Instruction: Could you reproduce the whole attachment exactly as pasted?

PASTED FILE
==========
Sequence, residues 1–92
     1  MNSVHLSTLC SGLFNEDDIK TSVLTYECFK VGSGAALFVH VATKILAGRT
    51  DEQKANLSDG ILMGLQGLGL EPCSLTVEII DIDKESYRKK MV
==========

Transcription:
Sequence, residues 1–92
     1  MNSVHLSTLC SGLFNEDDIK TSVLTYECFK VGSGAALFVH VATKILAGRT
    51  DEQKANLSDG ILMGLQGLGL EPCSLTVEII DIDKESYRKK MV